Predictors of weight loss after bariatric surgery—a cross-disciplinary approach combining physiological, social, and psychological measures

Mette S. Nielsen, Bodil Just Christensen, Julie Berg Schmidt, Louise Tækker, Lotte Holm, Susanne Lunn, Christian Ritz, Nicolai J. Wewer Albrechtsen, Jens Juul Holst, Theresia M. Schnurr, Torben Hansen, Carel W. le Roux, Thomas Bøker Lund, Andrea Karen Floyd, Anders Sjödin*

*Corresponding author for this work

Research output: Contribution to journalJournal articleResearchpeer-review


Background: Bariatric surgery leads to a substantial weight loss (WL), however, a subset of patients undergoing surgery fails to achieve adequate WL. The reason for the individual variation in WL remains unexplained. Using an exploratory cross-disciplinary approach, we aimed to identify preoperative and early postoperative factors explaining the variation in WL after bariatric surgery. Methods: Sixty-one subjects were recruited. Eighteen subjects did not receive surgery and three subjects dropped out, leaving a total sample of 40 subjects. Physiological, social, and psychological data were collected before and 6 months after surgery. All variables were analyzed in combination using a least absolute shrinkage and selection operator (LASSO) regression to explain the variation in WL 18 months after Roux-en-Y gastric bypass (n = 30) and sleeve gastrectomy (n = 10). Results: Mean WL was 31% (range: 10–52%). The following preoperative factors predicted 59% of the variation in WL: type of surgery (14%), diabetes status (12%), economic resources (9%), sex (7%), binge eating disorder (7%), degree of depression (5%), household type (3%), and physical activity (1%). Including information on early responses after surgery increased the ability to predict WL to 78% and was explained by early WL (47%), changes in energy density of food consumed from a buffet meal (9%), changes in glicentin (5%), degree of depression (5%), sex (5%), type of surgery (2%), economic resources (2%), and changes in drive for thinness (1%). Conclusions: Using a cross-disciplinary approach, a substantial part of the individual variation in WL was explained by a combination of basic patient characteristics, psychological profile, and social conditions as well as physiological, psychological and behavioral responses to surgery. These results suggest that patient characteristics collected in a cross-disciplinary approach may help determine predictors for less successful WL after bariatric surgery. If verified in larger cohorts this may form the basis for individualized postoperative support to optimize WL outcome.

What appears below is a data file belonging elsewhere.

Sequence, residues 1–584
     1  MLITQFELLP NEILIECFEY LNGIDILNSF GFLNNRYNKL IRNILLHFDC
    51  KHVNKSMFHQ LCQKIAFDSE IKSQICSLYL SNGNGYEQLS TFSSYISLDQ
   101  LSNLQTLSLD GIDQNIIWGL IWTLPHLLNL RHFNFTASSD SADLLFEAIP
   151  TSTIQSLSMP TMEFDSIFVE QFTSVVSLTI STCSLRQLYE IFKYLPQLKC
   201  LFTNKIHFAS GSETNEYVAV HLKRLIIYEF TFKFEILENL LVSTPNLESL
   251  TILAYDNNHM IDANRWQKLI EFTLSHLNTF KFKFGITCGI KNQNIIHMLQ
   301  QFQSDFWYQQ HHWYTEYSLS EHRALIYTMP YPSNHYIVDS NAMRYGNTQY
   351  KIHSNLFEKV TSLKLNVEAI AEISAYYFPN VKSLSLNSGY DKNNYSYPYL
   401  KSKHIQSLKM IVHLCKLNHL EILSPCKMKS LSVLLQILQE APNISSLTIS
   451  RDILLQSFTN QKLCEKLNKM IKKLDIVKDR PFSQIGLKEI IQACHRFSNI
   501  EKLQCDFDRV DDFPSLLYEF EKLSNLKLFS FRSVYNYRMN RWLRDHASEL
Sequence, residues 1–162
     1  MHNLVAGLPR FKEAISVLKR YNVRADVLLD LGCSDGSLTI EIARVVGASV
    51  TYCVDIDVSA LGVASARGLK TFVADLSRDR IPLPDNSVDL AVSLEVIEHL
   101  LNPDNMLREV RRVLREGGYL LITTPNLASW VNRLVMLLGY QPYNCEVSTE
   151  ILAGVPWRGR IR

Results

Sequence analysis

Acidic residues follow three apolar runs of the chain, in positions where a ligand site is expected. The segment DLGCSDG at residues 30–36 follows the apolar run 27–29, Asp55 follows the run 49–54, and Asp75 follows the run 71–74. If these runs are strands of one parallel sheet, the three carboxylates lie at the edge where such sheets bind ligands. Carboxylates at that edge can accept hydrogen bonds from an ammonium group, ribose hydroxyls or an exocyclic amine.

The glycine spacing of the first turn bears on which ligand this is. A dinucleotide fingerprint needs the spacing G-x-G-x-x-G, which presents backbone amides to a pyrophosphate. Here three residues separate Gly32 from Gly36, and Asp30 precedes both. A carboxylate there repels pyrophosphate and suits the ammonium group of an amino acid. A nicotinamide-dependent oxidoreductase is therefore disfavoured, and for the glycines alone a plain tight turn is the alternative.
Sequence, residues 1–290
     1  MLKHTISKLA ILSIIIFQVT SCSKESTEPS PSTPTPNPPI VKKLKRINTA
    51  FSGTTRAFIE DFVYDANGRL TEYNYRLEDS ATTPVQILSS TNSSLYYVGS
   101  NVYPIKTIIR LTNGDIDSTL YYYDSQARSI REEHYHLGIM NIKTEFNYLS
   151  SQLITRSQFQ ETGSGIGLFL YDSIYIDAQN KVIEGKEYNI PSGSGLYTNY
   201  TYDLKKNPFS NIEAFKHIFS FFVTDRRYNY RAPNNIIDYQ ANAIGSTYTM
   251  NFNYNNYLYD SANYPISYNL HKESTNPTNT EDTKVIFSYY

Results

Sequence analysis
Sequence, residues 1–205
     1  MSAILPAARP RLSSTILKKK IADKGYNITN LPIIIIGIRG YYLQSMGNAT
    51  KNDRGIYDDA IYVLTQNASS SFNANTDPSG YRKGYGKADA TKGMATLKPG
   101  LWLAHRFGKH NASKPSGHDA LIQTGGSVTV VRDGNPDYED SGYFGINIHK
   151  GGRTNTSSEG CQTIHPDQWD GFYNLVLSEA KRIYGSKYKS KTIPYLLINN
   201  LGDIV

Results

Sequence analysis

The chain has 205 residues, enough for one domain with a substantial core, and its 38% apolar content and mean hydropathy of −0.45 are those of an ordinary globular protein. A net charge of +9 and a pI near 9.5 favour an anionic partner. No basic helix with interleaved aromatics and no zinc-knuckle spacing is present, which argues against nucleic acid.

Original languageEnglish
JournalInternational Journal of Obesity
Issue number11
Pages (from-to)2291-2302
Publication statusPublished - Nov 2020


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